Modeling storm effects on sand wave dynamics
Geert Campmans is a PhD student in the research group Water Engineering and Management (WEM). His supervisor is prof.dr. S.J.M.H. Hulscher from the faculty of Engineering Technology (ET).
Sand waves are wavy bed patterns that are observed in sandy shallow seas. They have wavelengths of hundreds of meters and heights of up to 10 meters. Sand waves are dynamic, meaning that their height can change and they can migrate up to tens of meters per year. The combination of shallow water, large crest height and their dynamical character implies that a good understanding of sand waves is required for various human activities at seas such as the North Sea. This will help improve surveying and dredging policies required for navigation safety. Other activities that benefit from a better understanding are placement of pipelines and cables and the construction of wind farms.
Sand waves are generated by the interaction between the sandy seabed and the tidal current. Undulations in the seabed affect the current such that tidally averaged circulation cells transport sediment towards the crest. On the other hand, gravity tends to favor downslope sediment transport towards the trough. It is the competition between these two processes that determines the formation of sand waves. Next to the forming mechanism there are various other factors affecting sand wave dynamics. Observations show that sand wave height reduces and their migration rate increases during periods of stormy weather compared to calm conditions. The aim of this research is to understand how storms affect sand wave dynamics.
Wind waves and wind-driven currents are the storm-related processes investigated in this thesis. Two new process-based idealized sand wave models have been developed that include these storm processes. The first model is based on linear stability analysis to systematically investigate the initial formation stage. To investigate the effect of storm processes on finite-amplitude sand wave dynamics a second model has been developed, which is fully nonlinear.
With the linear stability model it is found that wind waves decrease the growth rate and increase the preferred wavelength of sand waves. Although wind waves in this model do not induce migration on their own, they do enhance migration caused by other processes. Wind-driven currents particularly affect sand wave migration. By breaking the -- in the model -- symmetrical tidal current, sand waves migrate in the direction of the residual current. Wind-driven flow can both increase and decrease the growth of sand waves, depending on wind direction and the Coriolis effect.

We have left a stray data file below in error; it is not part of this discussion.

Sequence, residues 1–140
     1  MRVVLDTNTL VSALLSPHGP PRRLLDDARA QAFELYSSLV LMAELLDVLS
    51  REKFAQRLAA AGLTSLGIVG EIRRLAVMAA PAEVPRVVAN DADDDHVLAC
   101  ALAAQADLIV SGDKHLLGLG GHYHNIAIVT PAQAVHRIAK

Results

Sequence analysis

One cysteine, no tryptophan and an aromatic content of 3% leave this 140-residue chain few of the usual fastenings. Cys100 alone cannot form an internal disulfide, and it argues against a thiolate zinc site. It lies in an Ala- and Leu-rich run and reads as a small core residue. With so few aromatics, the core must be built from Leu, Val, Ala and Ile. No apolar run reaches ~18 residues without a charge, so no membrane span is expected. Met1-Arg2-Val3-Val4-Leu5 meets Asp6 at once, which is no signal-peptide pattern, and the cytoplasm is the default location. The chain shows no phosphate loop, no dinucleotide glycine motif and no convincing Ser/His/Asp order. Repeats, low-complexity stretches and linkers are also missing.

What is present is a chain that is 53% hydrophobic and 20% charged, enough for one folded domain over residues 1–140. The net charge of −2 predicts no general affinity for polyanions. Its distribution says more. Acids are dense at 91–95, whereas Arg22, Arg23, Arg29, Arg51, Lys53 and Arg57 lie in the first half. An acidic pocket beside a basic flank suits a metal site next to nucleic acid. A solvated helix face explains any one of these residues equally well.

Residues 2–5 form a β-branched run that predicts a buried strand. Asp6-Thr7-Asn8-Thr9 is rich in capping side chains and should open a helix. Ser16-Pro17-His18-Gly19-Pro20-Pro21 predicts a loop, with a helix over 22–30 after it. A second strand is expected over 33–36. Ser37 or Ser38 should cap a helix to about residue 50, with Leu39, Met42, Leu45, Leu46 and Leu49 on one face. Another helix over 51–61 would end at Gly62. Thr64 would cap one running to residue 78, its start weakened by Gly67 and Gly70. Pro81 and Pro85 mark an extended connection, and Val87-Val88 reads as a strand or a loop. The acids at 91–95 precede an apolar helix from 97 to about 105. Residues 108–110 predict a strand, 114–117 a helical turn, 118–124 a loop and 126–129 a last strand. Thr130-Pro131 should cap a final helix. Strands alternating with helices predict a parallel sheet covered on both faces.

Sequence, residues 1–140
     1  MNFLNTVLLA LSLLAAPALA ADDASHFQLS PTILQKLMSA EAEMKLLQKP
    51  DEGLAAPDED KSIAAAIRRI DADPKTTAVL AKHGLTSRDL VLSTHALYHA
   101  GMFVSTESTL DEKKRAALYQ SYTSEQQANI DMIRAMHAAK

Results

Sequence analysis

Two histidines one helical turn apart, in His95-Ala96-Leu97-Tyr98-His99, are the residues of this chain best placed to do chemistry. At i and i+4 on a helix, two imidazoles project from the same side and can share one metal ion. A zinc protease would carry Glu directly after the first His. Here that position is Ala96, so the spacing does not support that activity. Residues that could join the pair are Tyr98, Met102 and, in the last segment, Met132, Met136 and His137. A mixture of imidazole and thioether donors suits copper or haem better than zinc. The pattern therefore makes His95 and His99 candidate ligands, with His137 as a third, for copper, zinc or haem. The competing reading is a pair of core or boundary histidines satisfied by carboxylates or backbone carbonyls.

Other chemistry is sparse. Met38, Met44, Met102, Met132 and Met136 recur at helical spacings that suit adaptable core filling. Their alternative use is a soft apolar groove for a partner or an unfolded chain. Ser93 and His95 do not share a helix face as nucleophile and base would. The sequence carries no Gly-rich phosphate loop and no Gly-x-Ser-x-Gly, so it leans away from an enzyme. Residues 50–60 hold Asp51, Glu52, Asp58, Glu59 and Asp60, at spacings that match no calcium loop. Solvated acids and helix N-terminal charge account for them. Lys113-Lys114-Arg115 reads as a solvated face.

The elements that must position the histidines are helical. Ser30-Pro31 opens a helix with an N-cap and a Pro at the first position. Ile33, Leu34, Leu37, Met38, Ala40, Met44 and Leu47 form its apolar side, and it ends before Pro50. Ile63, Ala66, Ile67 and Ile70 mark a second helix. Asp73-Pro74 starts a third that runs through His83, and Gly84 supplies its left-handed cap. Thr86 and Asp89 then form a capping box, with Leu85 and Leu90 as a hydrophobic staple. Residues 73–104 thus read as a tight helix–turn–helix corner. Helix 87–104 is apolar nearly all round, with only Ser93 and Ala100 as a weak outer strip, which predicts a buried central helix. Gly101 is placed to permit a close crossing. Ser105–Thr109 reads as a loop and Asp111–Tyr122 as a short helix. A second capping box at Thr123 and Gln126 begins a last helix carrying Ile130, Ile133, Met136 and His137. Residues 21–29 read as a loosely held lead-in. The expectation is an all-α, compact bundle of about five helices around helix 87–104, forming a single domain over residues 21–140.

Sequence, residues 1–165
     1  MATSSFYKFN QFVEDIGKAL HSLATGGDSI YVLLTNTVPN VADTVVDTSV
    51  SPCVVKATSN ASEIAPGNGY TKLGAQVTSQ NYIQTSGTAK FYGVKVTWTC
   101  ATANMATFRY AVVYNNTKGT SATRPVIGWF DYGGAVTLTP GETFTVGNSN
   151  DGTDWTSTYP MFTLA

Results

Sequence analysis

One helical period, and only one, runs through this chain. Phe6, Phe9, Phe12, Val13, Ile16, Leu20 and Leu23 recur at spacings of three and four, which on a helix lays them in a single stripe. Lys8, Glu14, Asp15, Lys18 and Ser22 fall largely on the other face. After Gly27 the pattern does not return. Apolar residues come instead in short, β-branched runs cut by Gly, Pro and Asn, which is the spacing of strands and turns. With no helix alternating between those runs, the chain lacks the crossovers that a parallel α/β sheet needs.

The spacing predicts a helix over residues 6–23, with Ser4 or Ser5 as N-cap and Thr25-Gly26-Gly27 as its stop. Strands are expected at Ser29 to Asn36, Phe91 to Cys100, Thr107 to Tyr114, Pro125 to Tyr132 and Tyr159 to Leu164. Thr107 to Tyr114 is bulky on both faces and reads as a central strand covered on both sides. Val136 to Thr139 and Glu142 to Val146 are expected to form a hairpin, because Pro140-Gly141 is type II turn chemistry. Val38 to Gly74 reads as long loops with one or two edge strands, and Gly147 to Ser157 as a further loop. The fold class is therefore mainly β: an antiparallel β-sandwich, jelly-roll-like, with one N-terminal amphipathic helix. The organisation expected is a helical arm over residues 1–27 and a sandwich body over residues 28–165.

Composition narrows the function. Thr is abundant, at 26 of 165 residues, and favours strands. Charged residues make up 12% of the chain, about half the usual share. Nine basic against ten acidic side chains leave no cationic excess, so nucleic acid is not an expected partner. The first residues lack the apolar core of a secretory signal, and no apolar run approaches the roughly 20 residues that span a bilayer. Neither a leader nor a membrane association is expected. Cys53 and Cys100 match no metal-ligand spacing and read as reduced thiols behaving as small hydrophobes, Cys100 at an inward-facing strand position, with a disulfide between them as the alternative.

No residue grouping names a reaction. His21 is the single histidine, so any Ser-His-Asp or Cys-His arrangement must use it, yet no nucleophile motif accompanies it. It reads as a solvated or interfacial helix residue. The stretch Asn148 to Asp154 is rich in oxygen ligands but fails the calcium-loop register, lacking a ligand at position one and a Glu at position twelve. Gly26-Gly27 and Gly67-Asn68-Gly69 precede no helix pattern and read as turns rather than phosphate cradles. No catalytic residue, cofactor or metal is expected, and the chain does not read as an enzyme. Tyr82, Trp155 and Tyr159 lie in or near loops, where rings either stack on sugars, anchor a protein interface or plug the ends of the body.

By combining typical North Sea wave and wind conditions (corresponding to the Euro Platform) with the linear stability model, using a statistical weighted averaging method, it is found that storms mainly affect sand wave migration. Also a seasonality in sand wave migration is found. During winter, when stormy conditions occur more often, migration is larger compared to during summer.
Using the nonlinear sand wave model, the evolution towards equilibrium is investigated. Wind waves reduce the equilibrium height and enhance the migration speed caused by wind-driven currents. Wind-driven currents result in asymmetrical sand wave shapes and migration in the direction of their steepest slope. Migration decreases with increasing sand wave height. Simulations of the evolution from randomly distributed small perturbations towards a fully grown sand wave field (for different wave and wind conditions) display larger sand waves overtaking smaller ones. This shows that sand waves interact with each other in complicated ways. Finally, it is found that the intermittent occurrence of storms and fair-weather conditions can lead to a dynamic equilibrium, were sand waves tend to grow towards the equilibrium states corresponding to fair-weather and stormy conditions, but due to limited adaptation time sand waves never reach those equilibrium states. Even short periods of storms can already significantly affect sand wave dynamics.